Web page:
While Nolan says it’s difficult to reduce the story to a word or a concept. “The jumping off point of the film is about the consequences of actions,” he notes. “It’s about redemption. It’s about a lot of different things.”
RETURN OF THE CAPED CRUSADER
In Los Angeles, cast members Christian Bale, Tom Hardy, Marion Cotillard and Joseph Gordon-Levitt have come together months after wrapping production. “We’ve done our work. The pressure’s on Chris now,” says Bale, who has grown his hair down to his shoulders with the ghost of a beard on his chin — a completely different look from Wayne’s finely groomed profile.
In his fourth collaboration with Nolan (including the 2006 mystery The Prestige in addition to the Batman films), Bale trusted the director to create a worthy finale for the character he has embodied for nearly a decade. “Chris has always got a great combination of cerebral choices with the story and where he wants to take it,” Bale says. “Then he goes into the heart of each character, finding what’s underneath, which is the subtext throughout.”
As the film picks up eight years after The Dark Knight, Bale found his way back to Wayne by focusing on his internal journey from then until now, “What he’s been doing in that time; what he’s had to reflect upon,” he muses. “How long does somebody let this painful episode in his past continue to direct his life?”
Though Wayne remains surrounded by his trusted inner circle of Alfred, Lucius Fox and Commissioner Gordon (played again by legendary actors Michael Caine, Morgan Freeman and Gary Oldman, respectively), he is living with the consequences of choices he has made on his own. “Throughout the saga, Alfred has warned him what could go wrong,” Bale says. “So, this is crunch time for how much longer he can let it dominate his life. But can he give it up? Or has he become addicted to it?”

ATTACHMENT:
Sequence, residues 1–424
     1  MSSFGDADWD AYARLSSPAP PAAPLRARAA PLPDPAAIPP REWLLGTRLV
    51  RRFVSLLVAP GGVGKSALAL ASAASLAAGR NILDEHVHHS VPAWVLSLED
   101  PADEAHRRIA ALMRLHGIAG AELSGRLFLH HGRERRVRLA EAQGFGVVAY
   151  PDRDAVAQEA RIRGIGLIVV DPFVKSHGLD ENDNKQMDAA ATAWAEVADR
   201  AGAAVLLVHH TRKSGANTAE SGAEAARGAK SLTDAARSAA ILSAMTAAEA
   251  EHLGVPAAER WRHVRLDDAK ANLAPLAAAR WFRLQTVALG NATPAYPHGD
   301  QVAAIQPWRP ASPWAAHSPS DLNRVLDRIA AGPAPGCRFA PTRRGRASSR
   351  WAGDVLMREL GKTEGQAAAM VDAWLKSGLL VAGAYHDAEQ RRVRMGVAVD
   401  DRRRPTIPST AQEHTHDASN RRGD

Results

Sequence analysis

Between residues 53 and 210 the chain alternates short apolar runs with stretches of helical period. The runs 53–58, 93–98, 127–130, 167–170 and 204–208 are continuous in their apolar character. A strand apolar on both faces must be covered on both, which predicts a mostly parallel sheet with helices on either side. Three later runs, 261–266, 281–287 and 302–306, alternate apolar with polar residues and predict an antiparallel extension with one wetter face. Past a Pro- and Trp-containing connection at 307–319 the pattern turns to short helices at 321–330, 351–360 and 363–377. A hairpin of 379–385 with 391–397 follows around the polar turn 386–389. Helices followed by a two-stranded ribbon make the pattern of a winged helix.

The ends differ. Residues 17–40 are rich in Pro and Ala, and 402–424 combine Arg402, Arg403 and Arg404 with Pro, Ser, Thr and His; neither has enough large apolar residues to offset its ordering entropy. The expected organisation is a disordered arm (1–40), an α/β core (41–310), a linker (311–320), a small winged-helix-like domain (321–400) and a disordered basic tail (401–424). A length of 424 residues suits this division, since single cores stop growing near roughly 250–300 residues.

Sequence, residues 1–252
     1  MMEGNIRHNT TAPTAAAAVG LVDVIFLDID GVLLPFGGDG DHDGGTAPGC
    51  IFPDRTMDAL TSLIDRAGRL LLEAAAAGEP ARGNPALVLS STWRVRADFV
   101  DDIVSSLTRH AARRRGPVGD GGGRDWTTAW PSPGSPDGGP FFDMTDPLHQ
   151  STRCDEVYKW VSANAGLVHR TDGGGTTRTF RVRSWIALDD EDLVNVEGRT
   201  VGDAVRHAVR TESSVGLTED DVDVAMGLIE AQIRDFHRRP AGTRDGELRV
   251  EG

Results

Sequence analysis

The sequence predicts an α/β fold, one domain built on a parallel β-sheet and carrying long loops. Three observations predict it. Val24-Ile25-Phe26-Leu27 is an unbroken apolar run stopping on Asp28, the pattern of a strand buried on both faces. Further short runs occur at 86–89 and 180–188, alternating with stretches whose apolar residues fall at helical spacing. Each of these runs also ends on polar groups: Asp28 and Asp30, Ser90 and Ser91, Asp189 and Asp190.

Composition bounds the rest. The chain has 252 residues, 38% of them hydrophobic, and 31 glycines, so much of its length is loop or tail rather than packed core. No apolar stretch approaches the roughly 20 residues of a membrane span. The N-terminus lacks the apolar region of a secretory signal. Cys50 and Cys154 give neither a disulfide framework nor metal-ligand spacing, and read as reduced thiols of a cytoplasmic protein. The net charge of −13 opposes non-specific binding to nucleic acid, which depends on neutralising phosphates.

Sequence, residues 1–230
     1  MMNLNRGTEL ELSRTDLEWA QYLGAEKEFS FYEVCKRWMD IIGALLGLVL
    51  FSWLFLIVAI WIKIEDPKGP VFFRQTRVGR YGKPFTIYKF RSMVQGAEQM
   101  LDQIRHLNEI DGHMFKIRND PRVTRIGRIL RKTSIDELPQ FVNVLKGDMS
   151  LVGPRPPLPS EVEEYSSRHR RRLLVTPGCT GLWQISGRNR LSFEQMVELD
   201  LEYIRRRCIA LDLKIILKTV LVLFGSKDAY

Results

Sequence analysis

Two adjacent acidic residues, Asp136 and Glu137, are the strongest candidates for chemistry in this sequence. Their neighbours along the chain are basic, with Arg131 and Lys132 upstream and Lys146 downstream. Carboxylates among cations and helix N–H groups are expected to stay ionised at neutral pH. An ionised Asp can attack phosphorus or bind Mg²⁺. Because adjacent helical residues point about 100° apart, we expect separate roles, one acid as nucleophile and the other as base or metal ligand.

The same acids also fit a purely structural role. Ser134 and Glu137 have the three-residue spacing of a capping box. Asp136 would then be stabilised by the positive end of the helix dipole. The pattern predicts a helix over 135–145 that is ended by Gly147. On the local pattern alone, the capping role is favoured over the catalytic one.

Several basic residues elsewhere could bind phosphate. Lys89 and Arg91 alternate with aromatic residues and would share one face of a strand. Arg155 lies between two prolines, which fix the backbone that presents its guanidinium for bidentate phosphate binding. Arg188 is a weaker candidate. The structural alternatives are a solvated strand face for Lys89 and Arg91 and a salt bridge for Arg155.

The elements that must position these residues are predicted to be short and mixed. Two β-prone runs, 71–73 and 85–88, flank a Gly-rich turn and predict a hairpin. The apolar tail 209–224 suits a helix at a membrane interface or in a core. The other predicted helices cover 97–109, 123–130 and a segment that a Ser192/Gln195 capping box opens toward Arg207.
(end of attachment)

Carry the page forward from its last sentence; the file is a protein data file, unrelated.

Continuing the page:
Bale’s dedication also required the actor to climb back into Batman’s cape and cowl, which he laughingly describes as “a bittersweet thing”.
“There are certain moments when you’re dying inside it, but you don’t want to admit it because you’re Batman on the outside,” he says. “The second you start complaining about the suit, you just recognise what a great iconic character you get to play and what an honour that is.”
REUNITING THE CAST
Hardy — who dons body armour and a bulky breathing mask as the menacing villain Bane — recalls precisely that moment. It happened in the midst of a massive crowd scene on Wall Street in Manhattan, during a fight sequence between their two characters. “It was the first time I ever heard Christian say he was tired,” Hardy remembers. “I was watching him for however many months getting beaten up and wet and cold, and he never said anything. Inside, I was dying, but I was thinking, ‘This can’t bother me because he’s not bothered’. But on Wall Street, he just turned and said, ‘You know what? I’m exhausted’. I said, ‘Me too’.”